Trainers often have their own learning ideals that may or may not be tied to the needs of their business. They may think, for example, that it would be useful for all employees to learn a second language over the next five years with in-house help or for each worker to master a new technology that only a fraction may end up using. Those ideals that are not tied to business goals usually aren’t the best approach when you are just serving internal clients. But there definitely is no place for them when you are operating a public, for-profit academy. Oreck says she and her colleagues at The Ritz-Carlton Leadership Center developed a curriculum designed to cater to the specific needs their customers expressed to them. “A key to our success is we listen carefully to our customers,” says Oreck. “By doing so, we are able to design at least one new relevant offering per year to suit their needs.”

The most notable example of that is The Ritz-Carlton Leadership Center’s Radar On-Antenna Up—The Ritz Carlton’s Fulfillment of Unexpressed Wishes & Needs program. “In 2008, during the time of the financial crisis, we received a call from a financial advisor who had several high-net-worth clients,” says Oreck. “He told us it was not business as usual. Some of the clients he had had for years said they were scrutinizing everything and they were upset they had to call him to find out what was happening during the economic crisis. They asked him, ‘Where is your anticipatory service?’ That is how we came up with the idea for the class.”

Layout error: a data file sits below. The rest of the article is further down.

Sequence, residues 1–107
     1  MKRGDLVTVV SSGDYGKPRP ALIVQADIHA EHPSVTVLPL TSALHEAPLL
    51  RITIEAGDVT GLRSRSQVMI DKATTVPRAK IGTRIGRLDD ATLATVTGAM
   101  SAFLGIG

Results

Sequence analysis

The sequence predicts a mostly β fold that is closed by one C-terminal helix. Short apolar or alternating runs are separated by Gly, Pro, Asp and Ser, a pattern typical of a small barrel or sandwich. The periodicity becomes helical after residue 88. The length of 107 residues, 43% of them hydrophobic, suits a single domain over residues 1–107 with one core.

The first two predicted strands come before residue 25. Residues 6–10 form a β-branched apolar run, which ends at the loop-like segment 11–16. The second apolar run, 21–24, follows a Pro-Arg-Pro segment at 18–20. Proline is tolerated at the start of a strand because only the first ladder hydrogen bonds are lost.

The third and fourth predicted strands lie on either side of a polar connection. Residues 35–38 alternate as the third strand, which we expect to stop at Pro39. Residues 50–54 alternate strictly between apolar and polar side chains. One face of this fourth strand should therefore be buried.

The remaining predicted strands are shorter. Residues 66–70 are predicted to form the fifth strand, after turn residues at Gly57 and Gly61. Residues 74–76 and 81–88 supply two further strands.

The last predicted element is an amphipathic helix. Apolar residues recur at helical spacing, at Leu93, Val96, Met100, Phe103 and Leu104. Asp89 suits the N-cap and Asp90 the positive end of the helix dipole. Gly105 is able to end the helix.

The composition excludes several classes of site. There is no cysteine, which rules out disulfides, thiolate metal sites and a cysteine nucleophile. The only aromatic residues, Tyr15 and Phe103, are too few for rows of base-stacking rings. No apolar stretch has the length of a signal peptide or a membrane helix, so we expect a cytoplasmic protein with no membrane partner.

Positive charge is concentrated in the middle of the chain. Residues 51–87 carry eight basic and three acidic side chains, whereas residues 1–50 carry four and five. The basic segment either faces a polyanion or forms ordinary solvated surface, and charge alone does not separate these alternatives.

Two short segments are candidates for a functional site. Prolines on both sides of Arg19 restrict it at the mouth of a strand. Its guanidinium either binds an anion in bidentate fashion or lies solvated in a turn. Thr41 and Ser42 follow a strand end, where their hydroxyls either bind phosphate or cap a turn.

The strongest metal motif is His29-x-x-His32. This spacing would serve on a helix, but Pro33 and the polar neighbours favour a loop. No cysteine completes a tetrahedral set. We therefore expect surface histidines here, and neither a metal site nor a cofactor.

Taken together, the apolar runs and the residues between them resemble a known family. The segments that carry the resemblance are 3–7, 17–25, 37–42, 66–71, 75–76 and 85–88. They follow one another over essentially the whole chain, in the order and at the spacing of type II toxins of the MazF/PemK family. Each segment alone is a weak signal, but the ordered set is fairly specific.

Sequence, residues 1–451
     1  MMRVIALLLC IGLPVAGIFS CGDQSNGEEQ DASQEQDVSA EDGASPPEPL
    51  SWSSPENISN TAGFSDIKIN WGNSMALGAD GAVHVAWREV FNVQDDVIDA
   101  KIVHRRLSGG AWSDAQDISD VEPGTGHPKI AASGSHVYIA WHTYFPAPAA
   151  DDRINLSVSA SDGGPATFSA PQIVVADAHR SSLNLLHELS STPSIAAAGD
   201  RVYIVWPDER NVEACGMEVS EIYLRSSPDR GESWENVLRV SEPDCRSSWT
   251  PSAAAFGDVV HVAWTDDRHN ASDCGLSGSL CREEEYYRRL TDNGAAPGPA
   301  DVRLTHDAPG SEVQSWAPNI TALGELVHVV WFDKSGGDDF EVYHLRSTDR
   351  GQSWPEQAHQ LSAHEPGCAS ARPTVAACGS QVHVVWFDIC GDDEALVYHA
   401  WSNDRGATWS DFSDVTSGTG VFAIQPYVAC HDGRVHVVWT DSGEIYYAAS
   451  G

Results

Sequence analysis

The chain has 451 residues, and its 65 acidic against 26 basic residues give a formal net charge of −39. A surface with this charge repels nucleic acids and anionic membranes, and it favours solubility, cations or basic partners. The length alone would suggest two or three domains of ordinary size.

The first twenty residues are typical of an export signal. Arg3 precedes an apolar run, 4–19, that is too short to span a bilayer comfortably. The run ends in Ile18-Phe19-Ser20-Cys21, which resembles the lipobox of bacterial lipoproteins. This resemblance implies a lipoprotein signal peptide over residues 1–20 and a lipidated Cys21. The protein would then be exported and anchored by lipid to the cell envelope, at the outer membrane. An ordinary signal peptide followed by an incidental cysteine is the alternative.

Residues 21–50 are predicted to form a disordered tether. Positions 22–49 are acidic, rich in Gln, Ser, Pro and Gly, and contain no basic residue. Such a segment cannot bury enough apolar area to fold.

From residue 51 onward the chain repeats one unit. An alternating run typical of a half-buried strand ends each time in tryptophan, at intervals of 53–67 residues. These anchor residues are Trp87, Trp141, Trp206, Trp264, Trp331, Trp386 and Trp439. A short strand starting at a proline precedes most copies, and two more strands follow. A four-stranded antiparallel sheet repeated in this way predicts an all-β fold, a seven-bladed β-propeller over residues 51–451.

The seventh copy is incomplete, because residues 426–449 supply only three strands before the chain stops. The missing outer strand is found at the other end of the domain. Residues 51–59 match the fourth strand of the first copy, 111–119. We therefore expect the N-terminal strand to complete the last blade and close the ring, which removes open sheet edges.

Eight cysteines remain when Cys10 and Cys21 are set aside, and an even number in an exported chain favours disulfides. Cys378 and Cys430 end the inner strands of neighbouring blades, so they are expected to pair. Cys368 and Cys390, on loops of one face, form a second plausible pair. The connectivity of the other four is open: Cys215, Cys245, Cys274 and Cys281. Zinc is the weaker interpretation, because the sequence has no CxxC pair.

Start Small

If your Learning and Development function is at the point where you have fully mastered serving your internal clients and are ready to branch out to serving the public, make plans to do so in increments. “Do not try to be all things to all people,” Oreck advises. “Start small and only offer one or two programs that you know your company excels at. Once those are in demand and have been refined, move to offering a more expanded curricula.”

The evolution of The Ritz-Carlton Leadership Center illustrates Oreck’s principle of taking it one step at a time. “When we launched The Ritz-Carlton Leadership Center in December 1999, we had only one offering, Legendary Service, which we knew we really excelled at,” says Oreck. “Today, we have eight offerings on a variety of topics. We have introduced one new offering approximately every 18 months and keep refining it. We do not recommend offering a big suite of new offerings all at once.”

Strategically Price Offerings